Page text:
Turbulence takes over and a president's ambitious domestic agenda gets derailed by overwhelming racial prejudice and an out-of-control foreign war in "The Great Society" - a long-winded but action-packed roller-coaster of a historical drama by Robert Schenkkan examining the final years of the presidency of Lyndon Baines Johnson, from his 1964 election through the inauguration of Richard Nixon four years later.
‘The Great Society’ Broadway Review: LBJ Meets His Match – Again – As Brian Cox Picks Up Where Bryan Cranston Left Off
Schenkkan's telling, while necessarily concise, offers few, if any, surprises. Each character and development is no more or less than what anyone with a passing understanding of the age - or a passing grade from first-year college history class - will anticipate.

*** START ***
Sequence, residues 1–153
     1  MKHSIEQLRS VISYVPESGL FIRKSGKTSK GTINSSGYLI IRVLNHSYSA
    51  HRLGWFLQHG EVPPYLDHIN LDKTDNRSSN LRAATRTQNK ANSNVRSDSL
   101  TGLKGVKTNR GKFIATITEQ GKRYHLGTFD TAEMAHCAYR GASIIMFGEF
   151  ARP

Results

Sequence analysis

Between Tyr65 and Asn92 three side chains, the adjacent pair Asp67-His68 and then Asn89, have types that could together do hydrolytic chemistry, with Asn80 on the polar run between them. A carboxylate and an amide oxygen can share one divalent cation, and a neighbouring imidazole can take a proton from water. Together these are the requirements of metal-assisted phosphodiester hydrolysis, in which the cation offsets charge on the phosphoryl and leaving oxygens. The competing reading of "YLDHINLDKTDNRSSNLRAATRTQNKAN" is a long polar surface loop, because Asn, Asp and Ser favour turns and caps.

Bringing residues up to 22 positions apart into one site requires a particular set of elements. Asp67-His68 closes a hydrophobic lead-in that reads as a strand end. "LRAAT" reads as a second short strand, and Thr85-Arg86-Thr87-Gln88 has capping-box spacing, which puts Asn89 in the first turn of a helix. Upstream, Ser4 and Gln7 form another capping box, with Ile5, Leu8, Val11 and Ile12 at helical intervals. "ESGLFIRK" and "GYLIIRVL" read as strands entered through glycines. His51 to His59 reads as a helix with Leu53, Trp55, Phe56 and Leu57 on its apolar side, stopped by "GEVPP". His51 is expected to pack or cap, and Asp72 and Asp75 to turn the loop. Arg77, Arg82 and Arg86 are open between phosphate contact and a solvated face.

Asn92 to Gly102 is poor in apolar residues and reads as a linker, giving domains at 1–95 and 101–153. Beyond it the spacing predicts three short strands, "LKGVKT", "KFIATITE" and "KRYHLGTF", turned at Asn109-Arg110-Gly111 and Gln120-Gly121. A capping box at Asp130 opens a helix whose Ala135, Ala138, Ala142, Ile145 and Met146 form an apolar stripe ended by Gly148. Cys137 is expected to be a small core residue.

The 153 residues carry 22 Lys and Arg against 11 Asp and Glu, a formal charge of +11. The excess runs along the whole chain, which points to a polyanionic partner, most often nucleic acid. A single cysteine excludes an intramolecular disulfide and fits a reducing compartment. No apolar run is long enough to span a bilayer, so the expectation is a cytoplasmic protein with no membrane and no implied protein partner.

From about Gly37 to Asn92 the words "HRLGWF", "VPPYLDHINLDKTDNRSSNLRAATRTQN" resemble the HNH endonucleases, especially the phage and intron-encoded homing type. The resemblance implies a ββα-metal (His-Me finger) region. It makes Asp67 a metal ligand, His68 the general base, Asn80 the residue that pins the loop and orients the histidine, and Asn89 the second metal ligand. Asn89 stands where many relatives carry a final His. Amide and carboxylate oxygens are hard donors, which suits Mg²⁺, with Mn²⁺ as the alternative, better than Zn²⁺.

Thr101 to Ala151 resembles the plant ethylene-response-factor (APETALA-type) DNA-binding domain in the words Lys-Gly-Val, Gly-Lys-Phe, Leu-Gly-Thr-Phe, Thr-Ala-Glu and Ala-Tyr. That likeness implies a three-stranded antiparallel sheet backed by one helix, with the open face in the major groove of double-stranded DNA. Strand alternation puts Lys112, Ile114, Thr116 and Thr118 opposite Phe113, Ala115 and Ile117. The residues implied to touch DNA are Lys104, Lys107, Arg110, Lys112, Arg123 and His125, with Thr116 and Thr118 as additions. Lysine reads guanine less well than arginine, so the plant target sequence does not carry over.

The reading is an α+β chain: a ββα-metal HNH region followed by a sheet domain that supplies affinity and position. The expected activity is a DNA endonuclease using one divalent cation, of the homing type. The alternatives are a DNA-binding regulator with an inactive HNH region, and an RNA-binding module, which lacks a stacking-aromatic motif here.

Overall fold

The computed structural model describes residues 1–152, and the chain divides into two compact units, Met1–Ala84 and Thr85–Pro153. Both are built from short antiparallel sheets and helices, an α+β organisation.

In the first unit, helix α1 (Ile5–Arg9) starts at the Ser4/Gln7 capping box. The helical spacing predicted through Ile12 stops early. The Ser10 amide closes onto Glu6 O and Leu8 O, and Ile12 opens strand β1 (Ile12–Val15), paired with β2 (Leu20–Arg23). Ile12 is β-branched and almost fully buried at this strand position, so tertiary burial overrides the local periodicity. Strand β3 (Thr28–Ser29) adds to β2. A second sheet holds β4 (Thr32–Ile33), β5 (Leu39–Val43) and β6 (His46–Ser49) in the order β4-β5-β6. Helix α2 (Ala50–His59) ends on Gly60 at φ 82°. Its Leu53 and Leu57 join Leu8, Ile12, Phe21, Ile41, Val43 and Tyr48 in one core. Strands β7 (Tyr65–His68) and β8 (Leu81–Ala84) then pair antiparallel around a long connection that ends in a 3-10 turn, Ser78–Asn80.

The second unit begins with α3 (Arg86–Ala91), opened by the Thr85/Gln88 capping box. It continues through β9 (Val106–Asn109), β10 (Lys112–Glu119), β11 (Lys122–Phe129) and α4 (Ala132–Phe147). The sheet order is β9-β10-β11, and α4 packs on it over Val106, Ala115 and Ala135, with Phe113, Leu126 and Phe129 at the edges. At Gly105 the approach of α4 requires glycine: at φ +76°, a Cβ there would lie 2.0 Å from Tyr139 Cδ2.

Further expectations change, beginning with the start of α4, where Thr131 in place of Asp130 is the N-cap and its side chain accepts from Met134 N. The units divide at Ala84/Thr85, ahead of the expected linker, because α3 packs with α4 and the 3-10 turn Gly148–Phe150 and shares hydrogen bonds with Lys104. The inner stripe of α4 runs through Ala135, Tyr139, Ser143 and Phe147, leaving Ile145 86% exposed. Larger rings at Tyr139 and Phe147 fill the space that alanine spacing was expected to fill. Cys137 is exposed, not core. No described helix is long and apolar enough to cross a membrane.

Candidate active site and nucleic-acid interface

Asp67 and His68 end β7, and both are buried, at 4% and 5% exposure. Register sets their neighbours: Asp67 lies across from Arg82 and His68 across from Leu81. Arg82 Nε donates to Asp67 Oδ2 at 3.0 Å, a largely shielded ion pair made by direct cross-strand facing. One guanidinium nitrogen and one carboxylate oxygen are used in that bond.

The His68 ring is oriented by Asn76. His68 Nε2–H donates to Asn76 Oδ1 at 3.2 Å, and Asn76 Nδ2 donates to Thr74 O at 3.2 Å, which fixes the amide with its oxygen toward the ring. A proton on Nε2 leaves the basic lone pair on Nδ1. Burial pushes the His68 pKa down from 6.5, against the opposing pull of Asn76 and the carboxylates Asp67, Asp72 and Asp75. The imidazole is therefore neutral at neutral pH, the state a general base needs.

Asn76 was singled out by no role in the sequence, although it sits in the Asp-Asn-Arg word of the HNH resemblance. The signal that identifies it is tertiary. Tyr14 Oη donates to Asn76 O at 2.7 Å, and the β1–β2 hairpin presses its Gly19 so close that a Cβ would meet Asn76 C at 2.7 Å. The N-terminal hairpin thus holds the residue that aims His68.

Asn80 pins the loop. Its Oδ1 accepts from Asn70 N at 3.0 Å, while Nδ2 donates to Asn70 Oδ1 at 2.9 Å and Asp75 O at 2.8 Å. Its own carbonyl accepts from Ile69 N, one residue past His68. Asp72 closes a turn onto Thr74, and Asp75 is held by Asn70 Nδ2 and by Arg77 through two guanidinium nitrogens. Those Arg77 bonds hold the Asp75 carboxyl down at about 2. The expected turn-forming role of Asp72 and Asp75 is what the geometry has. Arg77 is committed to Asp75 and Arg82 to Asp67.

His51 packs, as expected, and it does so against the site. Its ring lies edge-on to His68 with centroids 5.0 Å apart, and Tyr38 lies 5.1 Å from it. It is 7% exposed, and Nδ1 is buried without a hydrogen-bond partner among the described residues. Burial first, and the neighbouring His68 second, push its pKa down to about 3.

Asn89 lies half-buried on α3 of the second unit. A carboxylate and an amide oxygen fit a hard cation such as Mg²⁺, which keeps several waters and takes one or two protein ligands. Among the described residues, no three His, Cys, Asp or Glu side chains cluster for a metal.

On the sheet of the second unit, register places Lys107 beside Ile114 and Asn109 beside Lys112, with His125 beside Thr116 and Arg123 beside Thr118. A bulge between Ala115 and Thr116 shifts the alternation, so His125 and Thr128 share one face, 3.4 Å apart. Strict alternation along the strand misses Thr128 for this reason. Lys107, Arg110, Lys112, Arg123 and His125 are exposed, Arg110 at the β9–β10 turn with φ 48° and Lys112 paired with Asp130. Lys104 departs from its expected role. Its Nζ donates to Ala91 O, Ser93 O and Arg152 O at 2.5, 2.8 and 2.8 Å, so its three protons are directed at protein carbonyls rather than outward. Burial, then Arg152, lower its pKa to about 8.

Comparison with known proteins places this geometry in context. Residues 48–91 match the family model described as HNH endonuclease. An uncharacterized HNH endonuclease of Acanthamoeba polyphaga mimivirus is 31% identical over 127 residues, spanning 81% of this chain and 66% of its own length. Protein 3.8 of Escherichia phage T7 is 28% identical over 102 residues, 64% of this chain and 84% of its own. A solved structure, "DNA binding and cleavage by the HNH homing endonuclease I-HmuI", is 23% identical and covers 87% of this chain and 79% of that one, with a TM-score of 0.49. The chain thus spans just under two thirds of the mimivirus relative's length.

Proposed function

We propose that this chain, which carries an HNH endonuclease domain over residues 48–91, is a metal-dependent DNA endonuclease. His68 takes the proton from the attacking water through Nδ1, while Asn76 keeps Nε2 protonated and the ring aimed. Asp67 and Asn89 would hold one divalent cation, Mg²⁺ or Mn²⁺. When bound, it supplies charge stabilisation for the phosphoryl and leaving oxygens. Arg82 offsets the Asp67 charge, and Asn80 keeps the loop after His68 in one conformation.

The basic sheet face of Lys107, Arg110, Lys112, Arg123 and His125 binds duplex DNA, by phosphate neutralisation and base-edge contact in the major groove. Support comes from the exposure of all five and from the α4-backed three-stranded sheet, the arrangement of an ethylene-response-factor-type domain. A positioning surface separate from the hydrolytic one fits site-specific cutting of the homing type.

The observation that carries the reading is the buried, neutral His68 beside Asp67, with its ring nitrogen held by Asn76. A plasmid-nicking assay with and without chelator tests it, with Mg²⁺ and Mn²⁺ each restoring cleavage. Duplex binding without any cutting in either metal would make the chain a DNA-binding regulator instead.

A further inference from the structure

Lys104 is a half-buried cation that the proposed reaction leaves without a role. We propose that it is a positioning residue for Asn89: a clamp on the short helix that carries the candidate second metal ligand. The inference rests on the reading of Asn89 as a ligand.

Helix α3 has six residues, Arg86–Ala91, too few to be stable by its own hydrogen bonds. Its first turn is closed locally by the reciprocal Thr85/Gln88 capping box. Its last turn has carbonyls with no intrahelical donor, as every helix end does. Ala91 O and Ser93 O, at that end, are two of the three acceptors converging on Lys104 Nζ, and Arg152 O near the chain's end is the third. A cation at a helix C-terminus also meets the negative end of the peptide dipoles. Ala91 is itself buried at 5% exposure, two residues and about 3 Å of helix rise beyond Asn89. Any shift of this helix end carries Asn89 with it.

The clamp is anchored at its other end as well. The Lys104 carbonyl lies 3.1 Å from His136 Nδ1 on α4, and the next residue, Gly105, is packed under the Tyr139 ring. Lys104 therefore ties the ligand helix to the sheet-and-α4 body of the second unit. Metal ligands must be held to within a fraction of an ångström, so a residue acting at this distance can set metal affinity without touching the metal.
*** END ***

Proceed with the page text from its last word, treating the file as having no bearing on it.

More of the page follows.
If the play feels overstuffed, it's still an important history lesson. Schenkkan calls it a tragedy. But the real tragedy is that if we don't pay enough attention, history is hellbent on repeating itself.
That's not enough to replicate the success of "All the Way," which won the Tony Award for best play. Mr. Cranston, whose portrayal of L.B.J. won a Tony Award as well, could carry that story, essentially a comedy, on pure skill and charisma. "The Great Society," a tragedy, needs more than that but instead gets less. It's bad enough that Johnson is so two-dimensional; the supporting characters have it worse. Their traits are parceled out on a one-per-customer basis: Humphrey's a patsy, King a worrier, Carmichael a hothead and Wallace a weasel.